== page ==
NAIROBI, Kenya Apr 5 – Limuru Tea has posted a 79 percent increase in losses in the year ended December, 31 2021 to post Sh14.2 million pre-tax losses compared to Sh7.9 million losses incurred in 2020.
Management attributes the decline to low production volumes on the back of lower rainfall that went down by 40 percent as well as high inflationary pressures.
The turnover reduced by 13 percent to Sh84 million in 2021 from Sh97 million in 2020 driven by the 12 percent reduction in made tea volume and 1 percent drop in the net realized price
In 2021 the Company produced 3,207,330 Kilograms of green leaf which in turn was
manufactured into 743,453 kilograms of black tea which is lower compared to 3,882,430 kilograms of green leaf, produced in 202O manufactured into 844,103 kilograms of black tea.
The Directors do not recommend payment of dividend for the year ended 31 December 2021.
“Whereas post COVID-19 pandemic adverse impacts, market instability and general cost inflation remains a concern, the board and management have taken the necessary precautions to safeguard our staff and the interests of the business in 2022 and beyond,” the company said in a statement.
Cost management remains a key focus area for the company.
“We continue to see yield improvement from the investment made in prior years. The management will continue with strategic initiatives to ensure any risks are mitigated in its continued focus to grow the business,” Management added.
Limuru Tea PLC owns 275 hectares of tea plantations situated four kilometres to the east of Limuru Town.
The Company is an outgrower to Unilever Tea Kenya Limited (UTKL), the largest private sector tea company in Kenya.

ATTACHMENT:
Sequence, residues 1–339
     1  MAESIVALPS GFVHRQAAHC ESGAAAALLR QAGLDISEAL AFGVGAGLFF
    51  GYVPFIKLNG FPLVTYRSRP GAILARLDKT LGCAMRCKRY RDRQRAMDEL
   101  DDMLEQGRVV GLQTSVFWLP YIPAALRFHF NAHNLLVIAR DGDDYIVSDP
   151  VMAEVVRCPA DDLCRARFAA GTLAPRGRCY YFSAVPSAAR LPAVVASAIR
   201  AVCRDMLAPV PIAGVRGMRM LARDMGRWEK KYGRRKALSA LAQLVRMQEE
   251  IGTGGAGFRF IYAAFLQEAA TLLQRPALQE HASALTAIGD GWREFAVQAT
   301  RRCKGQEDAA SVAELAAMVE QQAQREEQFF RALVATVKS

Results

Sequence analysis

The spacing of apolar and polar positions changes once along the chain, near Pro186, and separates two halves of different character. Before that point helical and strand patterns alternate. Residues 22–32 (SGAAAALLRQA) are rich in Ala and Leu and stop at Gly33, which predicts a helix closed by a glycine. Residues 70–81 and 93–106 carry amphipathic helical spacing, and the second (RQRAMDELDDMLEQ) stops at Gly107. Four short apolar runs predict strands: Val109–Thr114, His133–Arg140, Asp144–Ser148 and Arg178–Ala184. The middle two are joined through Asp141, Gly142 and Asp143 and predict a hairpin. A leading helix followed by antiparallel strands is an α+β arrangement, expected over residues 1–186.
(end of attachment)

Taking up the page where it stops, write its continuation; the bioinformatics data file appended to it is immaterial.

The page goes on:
UTKL acts as the Limuru Tea Company’s managing agent in the growing, manufacturing, sales and marketing of its tea. The Limuru Tea estate green leaf is manufactured in the nearby UTKL’s Mabroukie factory from where it is sold mainly for export.
Unilever Kenya owns a 52 percent stake in the Nairobi listed Limuru Tea Plc.
Kenya’s tea has continued to perform dismally in the international market with the earnings of the commodity dropping by 9.1 per cent in the third quarter of 2021 compared to a similar period in 2020, Kenya Nation Bureau of Statistics (KNBS) data shows.
According to the Q3 2021 Balance of Payments report prepared by KNBS, earnings from the export of tea deteriorated from Sh30.5 billion in the third quarter of 2020 to Sh27.7 billion in the review period.
“The decline was largely attributable to the decline in the export quantities that fell from 138.6 thousand metric tonnes to 124.5 thousand metric tonnes,” said KNBS.
The declining value of one of Kenya’s leading exports was so alarming that the Ministry of Agriculture had to intervene and set a minimum selling price to save farmers who were incurring losses as the price was lower than the cost of production.
The minimum reserve price of $2 was introduced by the Ministry of Agriculture in August 2021 after the cost of the commodity hit a decade low of Sh186.
However, the decline in tea did not affect domestic as they went up by 10 percent in the period under review, valued at Sh160.2 billion from the corresponding quarter of 2020 where they were valued at Sh144.8billion.
The growth was attributed to increase in domestic exports of horticulture, articles of apparel and clothing accessories, edible products and preparations, and titanium ores and concentrates.
Under the Broad Economic Category, significant increases were exhibited in the domestic exports of non-food industrial supplies and consumer goods which rose by 20.5 percent and 16.3 percent, respectively.
On the other hand, revenue from domestic exports of food and beverage commodities continued to account for the largest share of the total export earnings, valued at KSh 65.1 billion in the quarter under review.